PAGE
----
Whatever you choose to do, consulting with a seasoned mortgage professional can often save you time and money.


4. What is a FICO score?   

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A FICO score is a credit score developed by Fair Isaac & Co. Credit scoring is a method of determining the likelihood that credit users will pay their bills. Fair, Isaac began its pioneering work with credit scoring in the late 1950s and, since then, scoring has become widely accepted by lenders as a reliable means of credit evaluation. A credit score attempts to condense a borrowers credit history into a single number. Fair, Isaac & Co. and the credit bureaus do not reveal how these scores are computed. The Federal Trade Commission has ruled this to be acceptable.

Credit scores are calculated by using scoring models and mathematical tables that assign points for different pieces of information which best predict future credit performance. Developing these models involves studying how thousands, even millions, of people have used credit. Score-model developers find predictive factors in the data that have proven to indicate future credit performance. Models can be developed from different sources of data. Credit-bureau models are developed from information in consumer credit-bureau reports.

Credit scores analyze a borrower's credit history considering numerous factors such as:

-- Late payments

-- The amount of time credit has been established

-- The amount of credit used versus the amount of credit available

-- Length of time at present residence

-- Employment history

-- Negative credit information such as bankruptcies, charge-offs, collections, etc.

There are really three FICO scores computed by data provided by each of the three bureaus––Experian, Trans Union and Equifax. Some lenders use one of these three scores, while other lenders may use the middle score.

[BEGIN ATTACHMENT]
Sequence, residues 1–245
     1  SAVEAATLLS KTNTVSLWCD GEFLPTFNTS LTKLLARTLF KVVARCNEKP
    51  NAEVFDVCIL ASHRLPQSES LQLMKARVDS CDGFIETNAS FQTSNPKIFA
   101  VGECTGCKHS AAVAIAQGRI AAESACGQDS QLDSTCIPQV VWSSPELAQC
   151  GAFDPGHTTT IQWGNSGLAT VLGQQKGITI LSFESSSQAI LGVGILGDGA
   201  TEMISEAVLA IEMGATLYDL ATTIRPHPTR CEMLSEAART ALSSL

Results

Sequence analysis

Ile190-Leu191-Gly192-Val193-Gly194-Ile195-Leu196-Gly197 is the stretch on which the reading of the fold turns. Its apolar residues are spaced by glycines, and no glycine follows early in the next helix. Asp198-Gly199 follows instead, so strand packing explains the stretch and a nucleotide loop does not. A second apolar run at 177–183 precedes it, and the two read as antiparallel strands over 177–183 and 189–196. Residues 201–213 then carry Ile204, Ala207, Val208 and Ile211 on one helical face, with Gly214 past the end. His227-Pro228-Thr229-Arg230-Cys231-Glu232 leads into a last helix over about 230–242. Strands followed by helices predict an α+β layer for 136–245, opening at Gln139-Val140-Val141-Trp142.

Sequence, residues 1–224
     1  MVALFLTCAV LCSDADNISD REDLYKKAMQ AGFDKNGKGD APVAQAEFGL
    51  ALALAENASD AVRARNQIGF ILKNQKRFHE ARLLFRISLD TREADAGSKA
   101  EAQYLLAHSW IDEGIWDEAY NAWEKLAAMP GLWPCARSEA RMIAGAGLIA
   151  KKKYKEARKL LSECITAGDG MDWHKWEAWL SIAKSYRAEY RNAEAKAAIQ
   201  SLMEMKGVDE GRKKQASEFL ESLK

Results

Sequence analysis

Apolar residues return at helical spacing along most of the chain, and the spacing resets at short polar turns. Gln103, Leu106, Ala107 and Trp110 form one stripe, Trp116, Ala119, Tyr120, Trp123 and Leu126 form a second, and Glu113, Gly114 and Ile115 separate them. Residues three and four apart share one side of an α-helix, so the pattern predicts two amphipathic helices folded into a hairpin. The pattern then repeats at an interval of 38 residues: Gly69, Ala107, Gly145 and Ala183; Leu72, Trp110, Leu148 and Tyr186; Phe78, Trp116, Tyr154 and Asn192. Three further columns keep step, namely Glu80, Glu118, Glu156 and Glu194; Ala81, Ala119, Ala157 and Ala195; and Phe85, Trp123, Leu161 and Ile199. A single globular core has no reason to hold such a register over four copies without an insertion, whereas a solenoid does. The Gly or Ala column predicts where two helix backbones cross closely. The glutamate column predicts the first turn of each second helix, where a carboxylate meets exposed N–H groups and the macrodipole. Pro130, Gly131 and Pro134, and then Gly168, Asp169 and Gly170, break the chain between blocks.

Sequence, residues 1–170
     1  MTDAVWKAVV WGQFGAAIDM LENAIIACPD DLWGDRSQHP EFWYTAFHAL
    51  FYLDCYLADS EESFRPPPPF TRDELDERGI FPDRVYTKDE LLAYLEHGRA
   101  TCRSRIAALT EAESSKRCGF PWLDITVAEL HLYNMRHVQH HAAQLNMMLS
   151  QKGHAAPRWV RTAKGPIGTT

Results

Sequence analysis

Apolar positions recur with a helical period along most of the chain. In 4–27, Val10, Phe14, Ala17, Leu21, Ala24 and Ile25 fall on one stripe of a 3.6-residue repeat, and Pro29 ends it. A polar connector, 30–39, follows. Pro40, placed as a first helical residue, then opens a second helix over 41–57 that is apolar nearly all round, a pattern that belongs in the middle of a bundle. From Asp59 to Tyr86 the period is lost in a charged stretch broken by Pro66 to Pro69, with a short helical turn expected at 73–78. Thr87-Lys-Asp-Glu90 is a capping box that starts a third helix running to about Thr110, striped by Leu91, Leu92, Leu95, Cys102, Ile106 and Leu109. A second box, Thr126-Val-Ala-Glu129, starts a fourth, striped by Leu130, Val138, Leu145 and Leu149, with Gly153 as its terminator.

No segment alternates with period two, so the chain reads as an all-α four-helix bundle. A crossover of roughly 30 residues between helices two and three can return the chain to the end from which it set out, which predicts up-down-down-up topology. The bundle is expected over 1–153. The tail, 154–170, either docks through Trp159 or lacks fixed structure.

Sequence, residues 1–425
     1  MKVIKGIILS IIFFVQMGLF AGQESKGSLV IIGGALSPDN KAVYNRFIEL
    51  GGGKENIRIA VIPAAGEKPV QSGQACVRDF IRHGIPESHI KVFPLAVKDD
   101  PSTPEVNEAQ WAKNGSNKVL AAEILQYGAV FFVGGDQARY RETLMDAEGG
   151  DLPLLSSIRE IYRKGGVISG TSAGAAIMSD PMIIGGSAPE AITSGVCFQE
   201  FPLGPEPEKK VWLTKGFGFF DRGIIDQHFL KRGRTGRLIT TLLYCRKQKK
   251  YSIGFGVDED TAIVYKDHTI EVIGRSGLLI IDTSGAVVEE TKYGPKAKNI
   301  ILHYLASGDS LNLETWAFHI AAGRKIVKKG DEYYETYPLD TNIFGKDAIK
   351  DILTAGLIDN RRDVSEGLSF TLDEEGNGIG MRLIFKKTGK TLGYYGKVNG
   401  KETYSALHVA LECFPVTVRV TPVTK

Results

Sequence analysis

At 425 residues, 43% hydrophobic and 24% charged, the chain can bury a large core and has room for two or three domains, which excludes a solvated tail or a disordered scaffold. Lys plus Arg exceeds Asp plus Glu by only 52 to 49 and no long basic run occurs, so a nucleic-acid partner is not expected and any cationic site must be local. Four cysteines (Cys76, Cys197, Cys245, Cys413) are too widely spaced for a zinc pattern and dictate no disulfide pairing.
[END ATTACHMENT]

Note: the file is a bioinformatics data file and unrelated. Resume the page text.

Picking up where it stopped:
How can I increase my score? While it is difficult to increase your score over the short run, here are some tips to increase your score over a period of time.

-- Pay your bills on time. Late payments and collections can have a serious impact on your score.

-- Do not apply for credit frequently. Having a large number of inquiries on your credit report can worsen your score.

-- Reduce your credit-card balances. If you are "maxed" out on your credit cards, this will affect your credit score negatively.

-- If you have limited credit, obtain additional credit. Not having sufficient credit can negatively impact your score.

What if there is an error on my credit report? If you see an error on your report, report it to the credit bureau. The three major bureaus in the U.S., Equifax (1-800-685-1111), Trans Union (1-800-916-8800) and Experian (1-888-397-3742) all have procedures for correcting information promptly. Alternatively, your mortgage company may help you correct this problem as well.


5. What is a rate lock?   

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You cannot close a mortgage loan without locking in an interest rate. There are four components to a rate lock:

-- Loan program.

-- Interest rate.

-- Points.

-- Length of the lock.

The longer the length of the lock, the higher the points or the interest rate. This is because the longer the lock, the greater the risk for the lender offering that lock.

Let's say you lock in a 30-year fixed loan at 8% for 2 points for 15 days on March 2. This lock will expire on March 17 (if March 17 is a holiday then the lock is typically extended to the first working day after the 17th). The lender must disburse funds by March 17th, otherwise your rate lock expires, and your original rate-lock commitment is invalid.

The same lock might cost 2.25 points for a 30-day lock or 2.5 points for a 60-day lock. If you need a longer lock and do not want to pay the higher points, you may instead pay a higher rate.